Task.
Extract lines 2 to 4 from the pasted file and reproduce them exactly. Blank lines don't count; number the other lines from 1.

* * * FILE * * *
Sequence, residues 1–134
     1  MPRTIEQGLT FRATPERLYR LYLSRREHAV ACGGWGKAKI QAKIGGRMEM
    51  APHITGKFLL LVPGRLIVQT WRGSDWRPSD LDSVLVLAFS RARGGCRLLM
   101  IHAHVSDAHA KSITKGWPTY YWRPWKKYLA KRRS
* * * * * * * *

     1  MPRTIEQGLT FRATPERLYR LYLSRREHAV ACGGWGKAKI QAKIGGRMEM
    51  APHITGKFLL LVPGRLIVQT WRGSDWRPSD LDSVLVLAFS RARGGCRLLM
   101  IHAHVSDAHA KSITKGWPTY YWRPWKKYLA KRRS